Any athlete who has competed in the Olympics.
Adjective (without s) and always capitalized: Olympic gold medal, Olympic organizers, Olympic host city, Olympic flame, etc.
Olympic Village, capitalized, or athletes village, lowercase.
Olympic flame and torch relay.
Olympic opening ceremony (singular) and closing ceremony (singular). Together they are the
Olympic ceremonies (plural) held at Pyeongchang Olympic Stadium.
Noun. Always capitalized.
Olympics or Olympic Games
Always capitalized. There are Summer Olympics and Winter Olympics, or Summer Games and Winter Games.
Staged in Pyeongchang from March 9-18, involving about 670 athletes with physical disabilities from about 45 countries. The six sports on the program include: alpine skiing, biathlon, cross-country skiing, hockey, snowboarding and wheelchair curling. There are 80 medal events. Athletes are grouped in classifications based on different types of impairments. The word Paralympic as an adjective (without s) is always capitalized: Paralympic Games, Paralympic organizers, Paralympic gold medal, and so forth. Paralympics as a noun is also always capitalized, following similar usage rules as Olympics: Pyeongchang Paralympics, 2018 Paralympics. Paralympic athletes are known as Paralympians. The games are governed by the International Paralympic Committee; IPC is acceptable on second reference. When reporting on the Paralympics, see the disabled, handicapped entry in the AP Stylebook, which encourages specific descriptions and gives guidance on some terms and descriptions.
Capitalized. While proper style, note that during the Pyeongchang Games it will likely not be necessary in your story to refer to the season. It's widely understood that these games are the winter set.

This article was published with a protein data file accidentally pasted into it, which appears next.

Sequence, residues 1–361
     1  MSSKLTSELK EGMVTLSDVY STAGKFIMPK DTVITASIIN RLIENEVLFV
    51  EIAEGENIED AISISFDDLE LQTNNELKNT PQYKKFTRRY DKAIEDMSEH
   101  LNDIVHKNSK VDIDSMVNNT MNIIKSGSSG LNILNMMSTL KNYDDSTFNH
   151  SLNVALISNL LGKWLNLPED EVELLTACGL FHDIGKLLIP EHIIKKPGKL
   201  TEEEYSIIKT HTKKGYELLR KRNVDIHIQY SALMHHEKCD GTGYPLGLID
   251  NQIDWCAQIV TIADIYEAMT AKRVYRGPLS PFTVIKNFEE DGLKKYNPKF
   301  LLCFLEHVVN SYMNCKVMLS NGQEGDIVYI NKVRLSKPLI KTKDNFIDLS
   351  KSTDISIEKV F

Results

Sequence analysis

Some sport-specific terms
Alpine skiing: giant slalom, super-G, downhill
bobsled and skeleton: women's bob; two-man bob; four-man bob. For those in the front seat: driver or pilot. For those not driving: brakeman, push athlete. In skeleton, slider is preferred. The governing body for bobsled and skeleton is the International Bobsleigh and Skeleton Foundation, not Bobsled.
cross-country skiing: freestyle sprint, classical-style event; 10-kilometer race, also abbreviated 10km or 10K.
figure skating: Use lowercase on all jumps. Double axel; triple flip-triple toe loop; triple lutz, double salchow.
freestyle skiing: halfpipe, moguls, aerials.
hockey: face off (v.), faceoff (n. and adj.); power play, power-play goal; goalie; penalty box; red line; short-handed; slap shot; hat trick.
luge: luge athlete or slider is preferred to luger.
ski jumping: Use normal hill for the K90 (70m) events and large hill for the K120 (90m) events.
Symbols and culture